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Fat for a Day

This post is the fourth and last installment of my blog series, Where Pounds and Inches Hurt the Most . Follow these links to read the first ,  second , and third posts. Since I am petite, it has not been an uncommon experience for large size clients of mine to be skeptical about my capacity to empathize with the daily disdain and disapproval that they endure . So when the opportunity presented itself for me to experience life at more than double my normal weight, I leapt at the chance.  I had been an interviewee on Channel 3 News entitled “Fat and Forgotten” which documented the physical and emotional hardships of being a large sized citizen. Many of my patients and members of NAAFA (National Association to Advance Fat Acceptance) were featured. A seamstress from Hartford Stage Company was commissioned to make a realistically proportioned “fat suit” which was worn by reporter Barbara Pinto with clothing from Lane Bryant. Since she only went u
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How a Beholder’s Eyes Have Changed Through the Years

  This post is the third one in my blog series, Where Pounds and Inches Hurt the Most. Follow these links to read the first post and second post Psychologist Catherine Steiner-Adair points out the defining virtue for women in the 1950’s was to remain virginal until married, whereas in recent years it is  to be thin.  Columnist Ellen Goodman has noted that dieting is perhaps the most popular female “sport”. Ninety percent of dieters are females who typically associate beauty, success, personal happiness, and self-worth with thinness. The belief that “you are what you eat” has become a reflection of the new morality.  We have lost sight of the fact that beauty standards are both culturally and temporally relative. A very large woman recently vacationed in the Caribbean with her average weighted friend. Much to her amazement, she was constantly pursued by the mature men, while her friend was virtually ignored.  In the Time Travel Diet, author Jennifer Shute chronicles tem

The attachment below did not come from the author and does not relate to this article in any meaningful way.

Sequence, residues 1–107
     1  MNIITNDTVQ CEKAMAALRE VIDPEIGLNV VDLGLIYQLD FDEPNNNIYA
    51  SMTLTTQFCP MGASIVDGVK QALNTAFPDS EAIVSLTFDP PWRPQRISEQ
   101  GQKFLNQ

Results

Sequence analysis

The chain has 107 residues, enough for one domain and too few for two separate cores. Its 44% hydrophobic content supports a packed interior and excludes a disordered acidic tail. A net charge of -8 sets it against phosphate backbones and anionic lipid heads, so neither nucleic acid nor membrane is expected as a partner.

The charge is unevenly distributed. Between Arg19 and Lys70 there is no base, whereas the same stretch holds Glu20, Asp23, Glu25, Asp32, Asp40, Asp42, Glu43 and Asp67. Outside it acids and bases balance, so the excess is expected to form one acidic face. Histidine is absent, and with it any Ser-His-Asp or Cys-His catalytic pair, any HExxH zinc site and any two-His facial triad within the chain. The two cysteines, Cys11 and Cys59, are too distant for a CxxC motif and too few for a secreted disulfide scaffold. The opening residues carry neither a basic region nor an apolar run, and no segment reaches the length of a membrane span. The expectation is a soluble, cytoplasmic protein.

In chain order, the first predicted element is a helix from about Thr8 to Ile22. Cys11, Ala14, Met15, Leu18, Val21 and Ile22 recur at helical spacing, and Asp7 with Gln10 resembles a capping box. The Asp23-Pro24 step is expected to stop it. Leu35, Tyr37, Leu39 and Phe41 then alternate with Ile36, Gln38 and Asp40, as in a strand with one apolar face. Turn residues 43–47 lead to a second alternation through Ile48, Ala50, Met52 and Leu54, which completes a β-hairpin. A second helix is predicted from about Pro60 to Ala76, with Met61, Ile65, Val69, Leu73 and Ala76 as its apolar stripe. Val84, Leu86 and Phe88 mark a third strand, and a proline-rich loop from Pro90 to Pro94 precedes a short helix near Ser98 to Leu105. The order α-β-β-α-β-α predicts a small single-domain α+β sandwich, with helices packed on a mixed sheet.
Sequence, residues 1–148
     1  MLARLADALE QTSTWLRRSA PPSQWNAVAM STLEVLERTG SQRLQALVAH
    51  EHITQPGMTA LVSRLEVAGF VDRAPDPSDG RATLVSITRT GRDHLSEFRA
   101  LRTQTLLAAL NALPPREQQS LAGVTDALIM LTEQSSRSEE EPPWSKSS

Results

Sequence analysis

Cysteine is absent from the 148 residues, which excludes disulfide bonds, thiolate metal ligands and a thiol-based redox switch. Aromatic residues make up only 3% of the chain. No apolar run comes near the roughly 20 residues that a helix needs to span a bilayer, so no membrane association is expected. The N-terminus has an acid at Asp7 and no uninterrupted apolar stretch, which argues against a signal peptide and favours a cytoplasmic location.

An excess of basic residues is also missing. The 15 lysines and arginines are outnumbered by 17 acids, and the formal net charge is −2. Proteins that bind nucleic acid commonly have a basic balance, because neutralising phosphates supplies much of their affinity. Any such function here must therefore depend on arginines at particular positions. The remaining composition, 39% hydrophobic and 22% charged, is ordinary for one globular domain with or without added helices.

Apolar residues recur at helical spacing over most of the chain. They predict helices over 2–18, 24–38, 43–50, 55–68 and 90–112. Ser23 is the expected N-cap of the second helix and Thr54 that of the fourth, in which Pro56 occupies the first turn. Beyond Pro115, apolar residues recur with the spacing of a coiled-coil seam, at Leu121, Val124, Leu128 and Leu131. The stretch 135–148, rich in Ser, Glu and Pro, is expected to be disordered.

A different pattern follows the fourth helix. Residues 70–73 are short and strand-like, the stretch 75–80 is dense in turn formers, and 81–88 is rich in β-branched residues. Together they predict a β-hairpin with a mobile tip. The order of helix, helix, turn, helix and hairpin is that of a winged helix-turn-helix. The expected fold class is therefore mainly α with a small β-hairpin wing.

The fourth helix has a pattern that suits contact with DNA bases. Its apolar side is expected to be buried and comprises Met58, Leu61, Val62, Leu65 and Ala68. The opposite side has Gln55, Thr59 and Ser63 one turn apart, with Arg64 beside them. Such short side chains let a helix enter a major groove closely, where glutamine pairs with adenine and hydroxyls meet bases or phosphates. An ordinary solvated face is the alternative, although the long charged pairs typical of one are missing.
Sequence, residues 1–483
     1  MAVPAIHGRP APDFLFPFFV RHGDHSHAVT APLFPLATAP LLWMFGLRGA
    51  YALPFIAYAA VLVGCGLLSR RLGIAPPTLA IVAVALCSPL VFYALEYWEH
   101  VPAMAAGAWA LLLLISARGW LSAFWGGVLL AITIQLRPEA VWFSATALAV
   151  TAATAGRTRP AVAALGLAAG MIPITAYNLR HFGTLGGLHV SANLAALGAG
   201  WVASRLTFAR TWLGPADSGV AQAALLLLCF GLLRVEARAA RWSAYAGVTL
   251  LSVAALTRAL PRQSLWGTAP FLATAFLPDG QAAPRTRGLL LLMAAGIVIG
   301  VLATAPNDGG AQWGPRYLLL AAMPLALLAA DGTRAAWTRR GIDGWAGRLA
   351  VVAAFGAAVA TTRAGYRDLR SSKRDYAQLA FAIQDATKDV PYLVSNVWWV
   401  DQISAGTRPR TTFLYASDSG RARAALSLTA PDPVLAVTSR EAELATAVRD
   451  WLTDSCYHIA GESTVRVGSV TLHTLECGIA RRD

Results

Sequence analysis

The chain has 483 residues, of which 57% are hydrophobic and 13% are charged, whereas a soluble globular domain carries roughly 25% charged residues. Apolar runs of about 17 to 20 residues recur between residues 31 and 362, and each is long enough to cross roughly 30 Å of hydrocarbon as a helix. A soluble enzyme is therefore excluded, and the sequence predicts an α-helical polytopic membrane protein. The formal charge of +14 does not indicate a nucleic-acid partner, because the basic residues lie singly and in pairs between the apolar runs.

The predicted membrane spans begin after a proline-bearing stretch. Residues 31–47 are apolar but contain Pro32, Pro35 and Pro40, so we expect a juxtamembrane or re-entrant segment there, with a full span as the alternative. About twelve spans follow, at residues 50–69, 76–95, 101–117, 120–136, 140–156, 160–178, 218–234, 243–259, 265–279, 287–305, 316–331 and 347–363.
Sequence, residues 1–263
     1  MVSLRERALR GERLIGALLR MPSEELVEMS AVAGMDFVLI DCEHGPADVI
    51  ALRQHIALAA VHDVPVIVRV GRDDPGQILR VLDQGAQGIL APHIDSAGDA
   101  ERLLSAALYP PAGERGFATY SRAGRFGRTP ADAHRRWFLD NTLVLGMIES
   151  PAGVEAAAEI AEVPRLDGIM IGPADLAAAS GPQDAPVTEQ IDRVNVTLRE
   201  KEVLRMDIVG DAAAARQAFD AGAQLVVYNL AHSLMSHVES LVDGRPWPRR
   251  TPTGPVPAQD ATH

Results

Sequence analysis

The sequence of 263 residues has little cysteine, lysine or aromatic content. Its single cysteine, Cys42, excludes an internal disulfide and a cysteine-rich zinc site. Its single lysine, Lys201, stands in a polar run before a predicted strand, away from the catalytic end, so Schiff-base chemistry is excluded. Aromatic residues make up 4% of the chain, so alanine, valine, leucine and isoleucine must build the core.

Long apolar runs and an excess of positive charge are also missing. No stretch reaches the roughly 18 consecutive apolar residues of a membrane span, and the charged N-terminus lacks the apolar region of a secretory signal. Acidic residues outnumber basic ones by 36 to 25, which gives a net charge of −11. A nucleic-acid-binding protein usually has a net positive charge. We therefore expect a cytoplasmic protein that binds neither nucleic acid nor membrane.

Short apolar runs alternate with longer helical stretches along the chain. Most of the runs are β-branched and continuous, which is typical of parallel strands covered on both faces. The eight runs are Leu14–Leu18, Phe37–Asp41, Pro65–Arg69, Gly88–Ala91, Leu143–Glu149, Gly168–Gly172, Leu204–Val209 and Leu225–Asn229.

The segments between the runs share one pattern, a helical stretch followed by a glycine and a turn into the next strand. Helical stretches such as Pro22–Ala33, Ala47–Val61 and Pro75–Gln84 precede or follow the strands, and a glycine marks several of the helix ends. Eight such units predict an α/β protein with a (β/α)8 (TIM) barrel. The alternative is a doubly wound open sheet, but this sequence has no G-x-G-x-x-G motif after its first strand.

How a Large Self-Image Leads to Low Self-Esteem

This post is the second post on my blog series, Where Pounds and Inches Hurt the Most. Read the first post here . A middle-aged woman sits in my office. She is a successful professional, a mother of three, and has struggled with weight issues since childhood. She recalls being labeled the class “cootie” in fourth grade. Her face is pained, her suffering palpable. Time has not worked its predicted wonders in diminishing the hurt.  Adults who were fat as children often continue to “feel fat” even when they have no been in years. A “phantom fat”phenomenon may persist due to wounds that have never healed. Writes attorney, Jennifer Coleman, “I finally realized it didn’t matter what I did. I was and always would be the object of sport, derision, antipathy, and hostility so long as I stayed in my body. I immediately signed up for a body transplant, I’m still waiting for a donor.” It is no coincidence that although there are no gender differences in depression

Where Pounds and Inches Hurt the Most

Call it “weightism”, “lookism”, or just plain discrimination. The bias against the more “adiposity” challenged members of our society runs very deep and tends to leave them with lifetime scars far more pernicious than the potential medical risks associated with obesity. There’s evidence that obese individuals are denied educational opportunities, jobs, promotions, and housing because of their weight. Disdain towards fat happens early in life. Both normal weight and overweight grade school children describe obese silhouettes as stupid, lazy, dirty, sloppy, mean, ugly, and sad. When presented with a choice between a friend who is handicapped, disfigured, or fat, the majority of children as young as three and four shun the fat child. Sadly, fat children do not differ from their peers in this regard. When asked by a researcher why he chose the fat child last, one little boy replied, “because he looks just like me!” The New York Times reported a study conducted b